transforms traditional archetypes into cultural statement
Okupatsye mysteryy is a triptych set in rural Belorussia during the Second World War. It asserts that the Belorussians are a distinct culture and people; and that they have suffered much since the fall of their Early Modern empire. Its focus on the wartime experience refuses the myths, showing that Belorussians were victims of their own Communist partisans -- officially lionized as freedom fighters -- as much as they were of the Germans.
This is a daring assertion to make in Belorussia today, and the film is not popular with Mr. Lukashenko -- its licence from the Ministry of Culture is currently revoked and its principal showings have thus far been in Poland, Russia and the Netherlands.
NB - I have seen the film only once, in a university theatre, and was not taking notes. Apologies for any mistakes.
These messages are brought home through the use of repeated characters in each 'wing' of the triptych. The stories themselves -- "Adam and Eve," "Mother," and (IIRC) "Father" -- show characters who will be familiar to fans of East Slavic literature and film: the young lovers, of whom the boy is sweet and innocent, the girl a supernatural femme fatale; the nurturing mother, whose 'child' is taken from her, and destroys her world in a despairing rage; the semi-abandoned child, who desperately seeks consolation in a father figure whom we, the audience, can only mistrust, given what we've seen and learned already.
The overarching film uses a combined formal / casual frame: bold intertitles, including a brief opening history lesson, are combined with clips of vintage wartime film, but also with an overarching outline subplot, of revellers sledging through the wintry countryside in which the three vignettes take place. The structure provides a political as well as narrative frame, to keep the central message in mind as the three pieces unfold. The revellers do this by singing Belorussian songs and talking of Moscow as a foreign, if familiar place. It's an old trick - the clowns and the tragedians all making the same point - but it works all right.
The first vignette is IMHO the best. It's the most like a short story, with traditional plot twists and tense conversations among a sadistic partisan, the boy soldier he half drafts, half takes hostage, a failed guerrilla whose house the partisan commandeers, and the ex-guerrilla's girlfriend -- a lovely Polish siren with, we are told, a boundless sexual appetite. The warm, dark interior of the log cabin contrasts nicely with the snowy outdoors.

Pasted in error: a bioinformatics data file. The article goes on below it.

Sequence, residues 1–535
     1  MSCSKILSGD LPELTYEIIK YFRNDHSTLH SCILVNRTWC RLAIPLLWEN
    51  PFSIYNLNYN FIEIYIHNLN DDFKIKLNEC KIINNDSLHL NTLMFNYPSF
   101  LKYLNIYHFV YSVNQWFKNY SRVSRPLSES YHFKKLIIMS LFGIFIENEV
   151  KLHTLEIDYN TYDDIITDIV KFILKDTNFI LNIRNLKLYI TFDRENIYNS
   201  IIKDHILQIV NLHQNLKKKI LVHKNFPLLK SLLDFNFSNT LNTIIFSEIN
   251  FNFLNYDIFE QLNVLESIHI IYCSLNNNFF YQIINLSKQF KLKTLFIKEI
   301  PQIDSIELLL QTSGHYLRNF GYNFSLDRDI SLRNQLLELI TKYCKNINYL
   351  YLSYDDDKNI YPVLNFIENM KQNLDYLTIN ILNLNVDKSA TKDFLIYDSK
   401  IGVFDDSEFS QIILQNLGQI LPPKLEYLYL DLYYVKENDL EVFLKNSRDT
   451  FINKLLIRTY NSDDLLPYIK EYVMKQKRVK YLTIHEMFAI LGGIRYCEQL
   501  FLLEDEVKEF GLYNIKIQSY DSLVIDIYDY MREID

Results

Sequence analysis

The second story uses rather a few gimmicks. The mother, practically a babushka already, is a mute, and couldn't talk to the German soldier she rescues even if he knew Belorussian. My, could this be an allegory? There are some nice intense images of her nursing him with her own milk, and also at the bitter end, but the presentation seems heavy-handed. Perhaps this is cultural - fans of old Soviet cinema probably won't mind.
The third piece is All Right, with good acting from the children. The plot is predictable, though, and after the intrigue of the first 'wing' and violence of the second it falls a bit flat, even with its disastrous and tragic ending.
Overall the film's convictions seem predictably bleak: the strong, rich and clever will always take advantage of the weak, poor and stupid. Survival itself is a matter of luck, which some have and some don't. We are to celebrate tragic heroes, but there is no external reason to do, or not do, anything.
If you wanted to view it as an existentialist, you could see this as a desperate claim to freedom in a meaningless world. All right: but there is little joy in this mysteryy, and it is usually born of cruel illusion. If the intended audience is internal it will probably make perfect sense. If it is foreign, the result is contradictory and perplexing.
The fact that we are shown the characters' most intense and intimate moments suggests that we should care about them and, by extension, the people and nation they represent. There is a problem, though. The characters are not personalities: they are types, sometimes embodying their roles naturally, sometimes discovering them -- to their chagrin -- as the stories unfold. (This also is an aspect of classic Soviet cinema.) Are we to assume, then, that the Belorussians themselves will always be victims? Maybe all you need to do to protect your identity is to claim to have one; but without a historic direction, without any ambition per se, it seems very hard to motivate outsiders to help, if that is what the film as propaganda wants. The film runs the risk of making Belorussia's cultural and historical misfortunes fall into the same paradigm as its characters': the only way we can resolve the tragedy is to accept it.
Technically the film makes a virtue of necessity, with the weak lighting (on God knows what budget) contributing to a bleak yet dreamlike atmosphere. The forests and narrow, rounded hills, covered in snow, remind one of Appalachia or central Germany. The camera work is partly hand-held and gives a personal, documentary feel. The pace is not overly slow, but some viewers will probably agree that the partisan corporal is so cruel and morally bankrupt that he becomes difficult to watch.
Overall, the film is interesting and unusual fare. It is not particularly good, and for an example of post-Soviet beauty and skill (and for that matter entertainment) I'd recommend the Russian film Vozvrashcheniye, "The Return", instead. But, if you are interested in current anti-establishment propaganda in what is arguably still the Communist bloc, see Okupatsye mysteryy. It is an independent East European dissident piece, and a novel comment on how a people transforms its traditional archetypes and myths into a cultural statement.
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